All About Defender’s Day and How to Celebrate
We’ve all probably heard of International Women’s Day; Every year on March 8th, the global community gathers together to celebrate the many achievements of women across the world in all spheres of life and culture. It is a day of inclusivity, full of appreciation and gratitude for all the women in your life and all that they sacrifice. Women’s Day is meant to spread a message of equality. ‘So then what about the men; where’s their day?’ some may ask. Well, Russia has your answer.
February 23rd is a national holiday in the Russian Federation. It is known informally as Мужской День (Men’s Day). Perhaps, our feminist readership might turn up their nose at a national day glorifying the achievements of men, but this day has incredibly important history attached to it. Read on to find out about how this day hasn’t always been for just your average guy (not that you don’t deserve a day of appreciation, Average Guy!).
Officially, Men’s Day is titled Defenders of the Fatherland Day (In Russian: День Защитника Отчества), born during the fledgling years of the Soviet Union. It was first celebrated in 1919 to honor the recent establishment of Lenin’s Red Army, and the consequent defeat of the Provisional Government and their White Army. It was originally named Red Army Day, but was changed to Soviet Army and Navy Day post WWII. Since the fall of the USSR in 1991, the day remains christened (officially) as Defenders of the Fatherland Day.
Ask any Russian under 60 though, and they will tell you that the meaning of the day has definitely changed. Since the post war era, the day has slowly shifted to include all men, not just service members, in the celebrations. But here’s the rub – Defenders of the Fatherland Day officially applies to both servicemen and servicewomen. It honors, for example, the Ночные Ведьмы (Night Witches – a heroic, all-female Soviet bombing squad active during WWII). Now, depending on the age of whom you ask, the day celebrates any and all dudes in your life. In 2018, female service members are more likely to be honored on International Women’s Day then they are on Defenders of the Fatherland Day.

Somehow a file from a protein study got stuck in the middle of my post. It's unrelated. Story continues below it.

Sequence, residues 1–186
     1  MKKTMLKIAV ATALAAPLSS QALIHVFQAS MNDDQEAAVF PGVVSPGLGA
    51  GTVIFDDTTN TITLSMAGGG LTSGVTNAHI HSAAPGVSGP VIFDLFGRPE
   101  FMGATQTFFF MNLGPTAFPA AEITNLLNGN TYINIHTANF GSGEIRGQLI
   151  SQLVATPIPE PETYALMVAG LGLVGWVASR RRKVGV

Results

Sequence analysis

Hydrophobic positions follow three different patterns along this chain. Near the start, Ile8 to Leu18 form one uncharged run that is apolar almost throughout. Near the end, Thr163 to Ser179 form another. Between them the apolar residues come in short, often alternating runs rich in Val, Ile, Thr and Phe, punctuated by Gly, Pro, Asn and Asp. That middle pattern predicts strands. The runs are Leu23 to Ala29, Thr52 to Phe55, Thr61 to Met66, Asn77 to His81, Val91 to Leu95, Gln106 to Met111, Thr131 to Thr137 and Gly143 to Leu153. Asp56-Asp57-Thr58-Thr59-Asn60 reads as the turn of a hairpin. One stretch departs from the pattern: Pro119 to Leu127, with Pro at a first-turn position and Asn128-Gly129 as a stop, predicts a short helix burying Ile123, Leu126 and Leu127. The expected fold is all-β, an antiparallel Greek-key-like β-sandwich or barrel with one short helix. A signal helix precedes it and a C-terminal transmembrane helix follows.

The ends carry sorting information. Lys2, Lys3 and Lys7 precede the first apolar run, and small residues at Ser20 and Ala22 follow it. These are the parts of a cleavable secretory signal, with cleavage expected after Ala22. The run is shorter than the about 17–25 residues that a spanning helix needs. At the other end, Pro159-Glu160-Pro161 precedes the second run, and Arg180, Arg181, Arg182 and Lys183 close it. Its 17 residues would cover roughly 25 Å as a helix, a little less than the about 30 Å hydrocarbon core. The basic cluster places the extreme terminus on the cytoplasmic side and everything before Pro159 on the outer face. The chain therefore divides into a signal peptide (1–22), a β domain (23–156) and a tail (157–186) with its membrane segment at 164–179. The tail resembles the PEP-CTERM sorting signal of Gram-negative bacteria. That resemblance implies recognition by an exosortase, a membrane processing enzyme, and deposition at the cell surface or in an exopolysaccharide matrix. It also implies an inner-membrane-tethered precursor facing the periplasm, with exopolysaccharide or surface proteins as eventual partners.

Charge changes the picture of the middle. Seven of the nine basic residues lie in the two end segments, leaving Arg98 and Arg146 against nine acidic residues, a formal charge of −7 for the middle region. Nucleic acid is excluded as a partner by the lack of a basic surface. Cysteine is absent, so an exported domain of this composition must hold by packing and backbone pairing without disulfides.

Defenders of the Fatherland Day probably became gendered for two reasons: One, the overwhelming majority of soldiers who have served in the Soviet and Russian militaries have been men due to mandatory conscription (according to a 2002 census, women made up only 10% of the Russian Armed Forces). And two, women already have an established day that’s recognized internationally, on March 8th. After all, if the gals get their own day, why can’t the guys join in on the fun?
So, how do Russians celebrate? There’s much pomp and circumstance that goes on around major Russian cities, with military parades and demonstrations. At the Kremlin, Vladimir Putin holds a somber ceremony and lays a wreath at the Tomb of the Unknown Soldier. Some military bases even participate in ‘strength competitions’ to showcase the brawn and bravery of their boys. In the civilian world, women usually give the men in their lives small, manly presents – like socks, tools, and shaving gel – and congratulate them on being awesome.